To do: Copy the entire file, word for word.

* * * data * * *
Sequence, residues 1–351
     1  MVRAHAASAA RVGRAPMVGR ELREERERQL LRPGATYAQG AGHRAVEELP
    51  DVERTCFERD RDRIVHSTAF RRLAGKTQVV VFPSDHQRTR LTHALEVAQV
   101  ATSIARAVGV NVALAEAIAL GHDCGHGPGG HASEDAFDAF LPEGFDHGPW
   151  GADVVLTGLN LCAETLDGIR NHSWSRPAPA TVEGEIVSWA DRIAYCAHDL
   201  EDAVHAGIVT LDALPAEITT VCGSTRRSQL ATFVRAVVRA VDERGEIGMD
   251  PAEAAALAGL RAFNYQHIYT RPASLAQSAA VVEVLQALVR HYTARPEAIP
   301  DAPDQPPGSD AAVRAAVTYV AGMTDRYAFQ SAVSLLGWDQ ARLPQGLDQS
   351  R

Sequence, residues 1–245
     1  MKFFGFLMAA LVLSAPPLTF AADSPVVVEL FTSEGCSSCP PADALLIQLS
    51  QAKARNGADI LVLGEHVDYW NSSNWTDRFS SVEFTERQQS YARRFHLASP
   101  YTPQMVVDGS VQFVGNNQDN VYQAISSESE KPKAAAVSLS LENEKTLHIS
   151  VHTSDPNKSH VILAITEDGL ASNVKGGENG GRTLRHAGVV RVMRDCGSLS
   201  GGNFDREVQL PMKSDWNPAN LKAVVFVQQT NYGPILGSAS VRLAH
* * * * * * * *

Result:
Sequence, residues 1–351
     1  MVRAHAASAA RVGRAPMVGR ELREERERQL LRPGATYAQG AGHRAVEELP
    51  DVERTCFERD RDRIVHSTAF RRLAGKTQVV VFPSDHQRTR LTHALEVAQV
   101  ATSIARAVGV NVALAEAIAL GHDCGHGPGG HASEDAFDAF LPEGFDHGPW
   151  GADVVLTGLN LCAETLDGIR NHSWSRPAPA TVEGEIVSWA DRIAYCAHDL
   201  EDAVHAGIVT LDALPAEITT VCGSTRRSQL ATFVRAVVRA VDERGEIGMD
   251  PAEAAALAGL RAFNYQHIYT RPASLAQSAA VVEVLQALVR HYTARPEAIP
   301  DAPDQPPGSD AAVRAAVTYV AGMTDRYAFQ SAVSLLGWDQ ARLPQGLDQS
   351  R

Sequence, residues 1–245
     1  MKFFGFLMAA LVLSAPPLTF AADSPVVVEL FTSEGCSSCP PADALLIQLS
    51  QAKARNGADI LVLGEHVDYW NSSNWTDRFS SVEFTERQQS YARRFHLASP
   101  YTPQMVVDGS VQFVGNNQDN VYQAISSESE KPKAAAVSLS LENEKTLHIS
   151  VHTSDPNKSH VILAITEDGL ASNVKGGENG GRTLRHAGVV RVMRDCGSLS
   201  GGNFDREVQL PMKSDWNPAN LKAVVFVQQT NYGPILGSAS VRLAH